Cramping during pregnancy is a problem for many women, especially during the first trimester. For most women, this is normal. There are a number of causes that can contribute to cramps. A number of easy solutions can help alleviate pain from cramps. Sometimes women may worry that cramping is a sign that something is going wrong with the pregnancy. In cases of severe cramping, these fears may be warranted, but in the vast majority of cases there is an explanation for cramping that can help ease fears that there is something wrong with the fetus. Most cramping is mild to moderate and can be managed similarly to menstrual cramps.
Types Of Cramps During Pregnancy
The most common cause for cramping in early pregnancy is implantation cramping. As the egg attaches itself to the uterine wall, most women will experience cramping in a way that feels similar to menstrual cramps. After implantation, the uterus grows and prepares to sustain the pregnancy, and this will cause the cramping to continue, although it will probably feel the same as the implantation cramping did. Mild cramping in this part of the pregnancy is nothing to be concerned about, and can even be viewed as positive cramping since it is an indicator that your body is preparing itself to be pregnant for nine months.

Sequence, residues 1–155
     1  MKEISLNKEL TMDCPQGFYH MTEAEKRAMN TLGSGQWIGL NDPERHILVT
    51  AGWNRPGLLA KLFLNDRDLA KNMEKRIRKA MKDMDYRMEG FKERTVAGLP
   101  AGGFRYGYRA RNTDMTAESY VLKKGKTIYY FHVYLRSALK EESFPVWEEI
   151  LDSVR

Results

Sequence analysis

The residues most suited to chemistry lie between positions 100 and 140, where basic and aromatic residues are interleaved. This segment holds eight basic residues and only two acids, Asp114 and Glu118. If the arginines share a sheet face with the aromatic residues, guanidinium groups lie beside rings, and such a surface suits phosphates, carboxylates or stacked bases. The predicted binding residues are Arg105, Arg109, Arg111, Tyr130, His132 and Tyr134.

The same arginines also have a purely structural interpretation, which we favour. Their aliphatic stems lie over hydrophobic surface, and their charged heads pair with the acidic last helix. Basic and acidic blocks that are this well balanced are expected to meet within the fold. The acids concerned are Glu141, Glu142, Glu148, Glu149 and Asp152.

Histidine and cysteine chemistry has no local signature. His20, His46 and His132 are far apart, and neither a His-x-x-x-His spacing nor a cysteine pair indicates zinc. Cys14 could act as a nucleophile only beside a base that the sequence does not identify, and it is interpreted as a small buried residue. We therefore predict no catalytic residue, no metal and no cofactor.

Another common type of cramping happens slightly further into the pregnancy and might continue as the uterus keeps growing with the baby. This is called round ligament pain, which is a result of the muscles and ligaments supporting the uterus expanding and dropping lower into the abdomen to support the uterus as the pregnancy runs its course. Pregnant women will feel this the most during the first and second trimesters as the baby rapidly grows, making the uterus and its supporting ligaments grow with it. Implantation and round ligament cramping can be treated the same way as menstrual pain, with hot baths, heating pads and mild exercise.
Braxton Hicks cramps
Later in pregnancy, some women experience Braxton Hicks cramps that may feel like early labor. These happen in the third trimester. As the pregnancy nears its end and the body prepares for birth, the uterus prepares itself for labor by training, stretching and releasing its muscles. These can happen with very little warning, as they generally happen at intervals that are not regular. They do not last as long as labor contractions do, nor do they occur with the same regularity. While most women who experience a Braxton Hicks cramp will initially be alarmed, especially if they are still some distance away from their due date, the cramp can easily be diagnosed as false labor and does not need any additional attention. Exercise will usually exacerbate these cramps, but a warm bath or electric blanket can provide some relief.
During the earliest stages of pregnancy, sometimes cramping is experienced that is very severe and painful. While mild to moderate cramps are normal, severe cramps usually are not. Sometimes severe cramps are accompanies by bleeding or vaginal discharge, light headedness, chills or fever. Any of these symptoms mean that you should call your healthcare provider immediately. Severe cramps, especially those accompanied by worrisome symptoms can be a sign of a number of problems that need immediate attention. These include ectopic pregnancy and pre-eclampsia, both of which are a serious diagnosis. However, in milder cases, pregnancy cramping relief can be sought out easily.